Vitamin D and Parathyroid Hormone Actions

7-dehydrocholesterol

PTH Hypercalcemia

PTHrP Hyperphosphatemia

Hypophosphatemia 1, 25(OH)2D3

Hypocalcemia Acidosis

24R, 25(OH)2D3

7-dehydrocholesterol

25-hydroxylase

25-hydroxy-vitamin D0

1-alpha- 24-hydroxylase hydroxylase

25-hydroxylase

25-hydroxy-vitamin D0

Hypercalcemia

Hyperphosphatemia

IGF-1

PTH Hypercalcemia

PTHrP Hyperphosphatemia

Hypophosphatemia 1, 25(OH)2D3

Hypocalcemia Acidosis

24R, 25(OH)2D3

OH

^Various tissue enzymes Hydroxylated and conjugated polar metabolites

1-alpha- 24-hydroxylase hydroxylase

Kidney, intestine, other tissue

^Various tissue enzymes Hydroxylated and conjugated polar metabolites

Hypercalcemia

Hyperphosphatemia

Kidney, intestine, other tissue

24, 25-hydroxy-vitamin D,

24, 25-hydroxy-vitamin D,

FIGURE 5-3

Metabolism of vitamin D. The compound 7-dehydrocholesterol, through the effects of heat (37°C) and (UV) light (wavelength 280-305 nm), is converted into vitamin D3 in the skin. Vitamin D3 is then transported on vitamin D binding proteins (VDBP) to the liver. In the liver, vitamin D3 is converted to 25-hydroxy-vitamin D3 by the hepatic microsomal and mitochondrial cytochrome P450-containing vitamin D3 25-hydroxylase enzyme. The 25-hydroxy-vitamin D3 is transported on VDBP to the proximal tubular cells of the kidney, where it is converted to 1,25-dihydroxy-vita-min D3 by a 1-a-hydroxylase enzyme, which also is a cytochrome P450-containing enzyme. The genetic information for this enzyme is encoded on the 12q14 chromosome. Alternatively, 25-hydroxy-vitamin D3 can be converted to 24R,25-dihydroxy-vitamin D3, a relatively inactive vitamin D metabolite. 1,25-dihydroxy-vitamin D3 can then be transported by VDBP to its most important target tissues in the distal tubular cells of the kidney, intestinal epithelial cells, parathyroid cells, and bone cells. VDBP is a 58 kD a-globulin that is a member of the albumin and a-fetoprotein gene family. The DNA sequence that encodes for this protein is on chromosome 4q11-13. 1,25-dihydroxy-vitamin D3 is eventually metabolized to hydroxylated and conjugated polar metabolites in the enterohepatic circulation. Occasionally, 1,25-dihydroxy-vitamin D3 also may be produced in extrarenal sites, such as monocyte-derived cells, and may have an antiproliferative effect in certain lymphocytes and keratinocytes [1,7-9]. (Adapted from Kumar [1].)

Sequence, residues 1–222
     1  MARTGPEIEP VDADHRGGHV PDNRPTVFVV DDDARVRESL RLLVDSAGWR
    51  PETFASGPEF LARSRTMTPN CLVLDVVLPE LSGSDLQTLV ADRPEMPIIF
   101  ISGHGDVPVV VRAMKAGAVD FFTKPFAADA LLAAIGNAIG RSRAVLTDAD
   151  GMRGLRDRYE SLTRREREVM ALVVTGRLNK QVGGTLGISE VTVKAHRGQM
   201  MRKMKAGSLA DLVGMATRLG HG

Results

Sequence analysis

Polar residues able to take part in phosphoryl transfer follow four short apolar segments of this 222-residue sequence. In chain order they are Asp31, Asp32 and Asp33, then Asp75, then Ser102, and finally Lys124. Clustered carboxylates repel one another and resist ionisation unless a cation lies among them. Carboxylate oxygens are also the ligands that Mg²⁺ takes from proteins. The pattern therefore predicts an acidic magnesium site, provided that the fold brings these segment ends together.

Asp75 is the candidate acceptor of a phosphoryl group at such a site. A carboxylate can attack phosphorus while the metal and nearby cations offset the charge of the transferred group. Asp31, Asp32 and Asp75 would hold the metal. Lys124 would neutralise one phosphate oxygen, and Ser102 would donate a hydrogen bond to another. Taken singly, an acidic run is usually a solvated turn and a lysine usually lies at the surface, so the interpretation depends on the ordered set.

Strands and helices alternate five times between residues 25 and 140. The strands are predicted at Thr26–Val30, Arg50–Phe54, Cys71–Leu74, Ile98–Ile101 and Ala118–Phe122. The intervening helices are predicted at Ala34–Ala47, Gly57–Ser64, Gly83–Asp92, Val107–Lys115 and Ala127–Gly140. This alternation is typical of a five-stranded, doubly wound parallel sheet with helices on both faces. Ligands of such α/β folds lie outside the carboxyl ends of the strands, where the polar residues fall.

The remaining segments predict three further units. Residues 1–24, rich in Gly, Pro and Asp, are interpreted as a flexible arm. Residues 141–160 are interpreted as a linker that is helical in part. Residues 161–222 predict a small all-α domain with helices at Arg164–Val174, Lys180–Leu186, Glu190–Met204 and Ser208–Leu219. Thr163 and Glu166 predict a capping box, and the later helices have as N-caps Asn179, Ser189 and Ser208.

Oral calcium intake ~1000 mg/d

Oral calcium intake ~1000 mg/d

Bone

200 mg

Bone

200 mg

FIGURE 5-4

Calcium (Ca) flux between body compartments. Ca balance is a complex process involving bone, intestinal absorption of dietary Ca, and renal excretion of Ca. The parathyroid glands, by their production of parathyroid hormone, and the liver, through its participation in vitamin D metabolism, also are integral organs in the maintenance of Ca balance. (From Kumar [1]; with permission.)

T-lymphocyte

T-lymphocyte

^Osteocalcin Osteopontin Alkaline Phosphatase